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FBI warns that hackers are targeting software supply chain providers

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The FBI has warned US private sector companies about an ongoing hacking campaign targeting supply chain software providers in a recent security alert.

According to the FBI, hackers are currently attempting to infect organizations with a remote access trojan (RAT) known as the Kwampirs malware. In a private industry notification sent to businesses last week, the law enforcement agency warned that software supply chain companies are being targeted as a way to reach their partners and customers, saying:

"Software supply chain companies are believed to be targeted in order to gain access to the victim's strategic partners and/or customers, including entities supporting Industrial Control Systems (ICS) for global energy generation, transmission, and distribution."

In addition to being used to attack supply chain software providers, the FBI also said that this same malware has also been deployed to attack companies in the healthcare, energy and financial sectors.

Kwampirs malware

While the security alert sent out by the FBI did not identify any of the supply chain software providers that are currently being targeted, the agency did share IOCs (indicators of compromise) along with YARA rules to help organizations scan their internal networks for any signs of the Kwampirs RAT.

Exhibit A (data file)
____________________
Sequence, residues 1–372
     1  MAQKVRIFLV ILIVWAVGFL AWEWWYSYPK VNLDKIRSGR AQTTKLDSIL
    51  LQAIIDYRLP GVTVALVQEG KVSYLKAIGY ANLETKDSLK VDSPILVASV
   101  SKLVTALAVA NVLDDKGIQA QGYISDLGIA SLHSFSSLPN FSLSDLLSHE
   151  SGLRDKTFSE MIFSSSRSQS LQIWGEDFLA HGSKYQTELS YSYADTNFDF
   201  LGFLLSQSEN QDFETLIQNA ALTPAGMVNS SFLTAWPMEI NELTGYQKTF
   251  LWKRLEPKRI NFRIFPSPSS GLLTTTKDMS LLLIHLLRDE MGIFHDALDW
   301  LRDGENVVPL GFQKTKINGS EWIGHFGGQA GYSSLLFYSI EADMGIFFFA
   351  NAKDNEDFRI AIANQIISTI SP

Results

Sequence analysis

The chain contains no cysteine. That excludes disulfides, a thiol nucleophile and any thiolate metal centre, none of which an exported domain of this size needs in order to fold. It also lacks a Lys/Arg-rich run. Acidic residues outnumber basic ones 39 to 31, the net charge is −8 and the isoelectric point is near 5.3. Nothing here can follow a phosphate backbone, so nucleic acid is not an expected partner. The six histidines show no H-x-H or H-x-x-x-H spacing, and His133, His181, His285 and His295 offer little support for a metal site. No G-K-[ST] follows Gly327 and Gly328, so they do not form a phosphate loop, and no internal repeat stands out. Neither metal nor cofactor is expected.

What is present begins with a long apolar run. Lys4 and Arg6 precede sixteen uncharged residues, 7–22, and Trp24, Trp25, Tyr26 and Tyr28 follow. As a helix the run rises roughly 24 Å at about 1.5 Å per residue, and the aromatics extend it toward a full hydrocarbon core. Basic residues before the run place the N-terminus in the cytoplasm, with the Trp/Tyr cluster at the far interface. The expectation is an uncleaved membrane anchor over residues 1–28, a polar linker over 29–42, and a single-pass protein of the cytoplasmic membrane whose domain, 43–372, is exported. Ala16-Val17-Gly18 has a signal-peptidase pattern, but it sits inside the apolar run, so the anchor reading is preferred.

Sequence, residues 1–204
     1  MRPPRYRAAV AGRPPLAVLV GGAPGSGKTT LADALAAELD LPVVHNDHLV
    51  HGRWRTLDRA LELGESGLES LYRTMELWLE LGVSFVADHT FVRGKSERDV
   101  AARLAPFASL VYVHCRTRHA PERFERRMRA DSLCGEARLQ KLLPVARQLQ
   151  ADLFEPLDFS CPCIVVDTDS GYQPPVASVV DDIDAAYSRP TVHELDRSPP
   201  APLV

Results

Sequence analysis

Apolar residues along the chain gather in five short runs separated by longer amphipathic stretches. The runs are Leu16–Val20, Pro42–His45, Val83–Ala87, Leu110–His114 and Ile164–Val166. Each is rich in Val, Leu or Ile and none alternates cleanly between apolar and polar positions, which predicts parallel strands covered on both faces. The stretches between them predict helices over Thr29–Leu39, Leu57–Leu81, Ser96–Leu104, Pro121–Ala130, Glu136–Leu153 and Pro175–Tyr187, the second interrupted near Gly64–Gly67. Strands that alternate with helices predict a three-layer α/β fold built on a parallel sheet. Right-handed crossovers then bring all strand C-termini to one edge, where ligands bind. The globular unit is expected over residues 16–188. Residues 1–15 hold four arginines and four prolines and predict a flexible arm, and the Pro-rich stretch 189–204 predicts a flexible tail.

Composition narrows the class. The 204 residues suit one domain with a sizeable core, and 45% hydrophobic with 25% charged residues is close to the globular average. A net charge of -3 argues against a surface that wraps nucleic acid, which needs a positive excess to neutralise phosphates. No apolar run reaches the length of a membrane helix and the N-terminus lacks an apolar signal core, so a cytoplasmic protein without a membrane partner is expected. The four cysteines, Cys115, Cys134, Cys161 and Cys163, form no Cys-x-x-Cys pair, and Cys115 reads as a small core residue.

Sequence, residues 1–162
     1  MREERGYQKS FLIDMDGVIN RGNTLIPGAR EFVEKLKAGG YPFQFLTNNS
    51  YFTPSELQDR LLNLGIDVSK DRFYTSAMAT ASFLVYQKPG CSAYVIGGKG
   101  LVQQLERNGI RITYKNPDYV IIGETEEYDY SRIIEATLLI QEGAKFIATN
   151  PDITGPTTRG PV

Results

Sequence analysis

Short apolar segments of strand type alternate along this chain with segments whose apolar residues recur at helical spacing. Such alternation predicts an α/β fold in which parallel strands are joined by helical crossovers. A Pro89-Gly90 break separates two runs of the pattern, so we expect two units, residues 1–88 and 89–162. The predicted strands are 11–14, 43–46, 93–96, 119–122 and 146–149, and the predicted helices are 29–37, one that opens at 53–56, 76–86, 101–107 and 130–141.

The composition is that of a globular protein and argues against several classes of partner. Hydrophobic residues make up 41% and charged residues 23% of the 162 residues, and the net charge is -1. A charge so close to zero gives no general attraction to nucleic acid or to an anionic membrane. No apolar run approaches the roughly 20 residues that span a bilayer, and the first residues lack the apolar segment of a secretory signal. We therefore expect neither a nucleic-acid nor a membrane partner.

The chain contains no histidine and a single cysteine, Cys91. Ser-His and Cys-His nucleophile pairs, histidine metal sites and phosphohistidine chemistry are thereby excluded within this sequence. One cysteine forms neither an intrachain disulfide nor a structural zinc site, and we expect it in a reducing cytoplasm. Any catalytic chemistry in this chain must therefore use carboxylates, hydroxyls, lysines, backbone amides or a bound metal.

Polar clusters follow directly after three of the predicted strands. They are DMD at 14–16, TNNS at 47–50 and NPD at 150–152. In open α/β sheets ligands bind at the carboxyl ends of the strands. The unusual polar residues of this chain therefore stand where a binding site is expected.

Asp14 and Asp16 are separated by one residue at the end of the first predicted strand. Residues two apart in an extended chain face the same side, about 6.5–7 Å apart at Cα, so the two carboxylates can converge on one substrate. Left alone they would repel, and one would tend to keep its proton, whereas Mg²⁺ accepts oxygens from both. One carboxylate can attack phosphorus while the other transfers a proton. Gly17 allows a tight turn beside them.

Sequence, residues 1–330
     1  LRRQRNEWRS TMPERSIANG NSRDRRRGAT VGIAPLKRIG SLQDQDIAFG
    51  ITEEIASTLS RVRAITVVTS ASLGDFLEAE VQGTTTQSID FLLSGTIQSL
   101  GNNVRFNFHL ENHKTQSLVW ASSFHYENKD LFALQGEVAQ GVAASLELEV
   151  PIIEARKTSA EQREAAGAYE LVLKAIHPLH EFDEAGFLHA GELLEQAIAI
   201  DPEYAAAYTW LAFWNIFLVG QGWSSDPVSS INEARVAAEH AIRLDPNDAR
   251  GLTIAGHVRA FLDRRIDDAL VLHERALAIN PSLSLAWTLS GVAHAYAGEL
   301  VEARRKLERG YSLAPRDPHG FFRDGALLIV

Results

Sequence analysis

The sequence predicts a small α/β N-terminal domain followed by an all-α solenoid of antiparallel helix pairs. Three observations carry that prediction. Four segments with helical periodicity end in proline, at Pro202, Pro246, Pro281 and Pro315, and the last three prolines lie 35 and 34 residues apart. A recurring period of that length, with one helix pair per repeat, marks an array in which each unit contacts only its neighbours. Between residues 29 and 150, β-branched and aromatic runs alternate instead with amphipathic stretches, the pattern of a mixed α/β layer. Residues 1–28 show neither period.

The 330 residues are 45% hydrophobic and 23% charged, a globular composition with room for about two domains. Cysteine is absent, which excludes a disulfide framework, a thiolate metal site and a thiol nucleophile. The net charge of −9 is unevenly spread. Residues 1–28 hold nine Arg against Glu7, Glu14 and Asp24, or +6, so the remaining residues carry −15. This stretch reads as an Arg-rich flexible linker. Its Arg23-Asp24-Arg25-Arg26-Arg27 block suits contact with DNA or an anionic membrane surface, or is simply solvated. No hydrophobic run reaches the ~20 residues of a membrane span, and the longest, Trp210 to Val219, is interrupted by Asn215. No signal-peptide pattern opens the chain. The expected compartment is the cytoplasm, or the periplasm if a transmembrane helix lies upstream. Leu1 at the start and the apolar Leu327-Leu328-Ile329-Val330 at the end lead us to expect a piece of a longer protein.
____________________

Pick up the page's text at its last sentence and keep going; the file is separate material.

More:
The Kwampirs malware was first detailed by the cybersecurity firm Symantec back in 2018 and at that time, the firm said a group called Orangeworm had used the malware to target supply chain companies that produced software for the healthcare sector.

The FBI's alert warns that attacks which employ Kwampirs have now evolved to target companies in the ICS (Industrial Control Systems) sector. The agency also claims that new evidence from analyzing the malware's code suggests that it contains “numerous similarities” with the data-wiping Shamoon malware which was developed by APT33.

The FBI recommends that organizations scan their networks for any signs of the Kwampirs malware and that they report any infections they find.

Via ZDNet

Anthony Spadafora

After living and working in South Korea for seven years, Anthony now resides in Houston, Texas where he writes about a variety of technology topics for ITProPortal and TechRadar. He has been a tech enthusiast for as long as he can remember and has spent countless hours researching and tinkering with PCs, mobile phones and game consoles.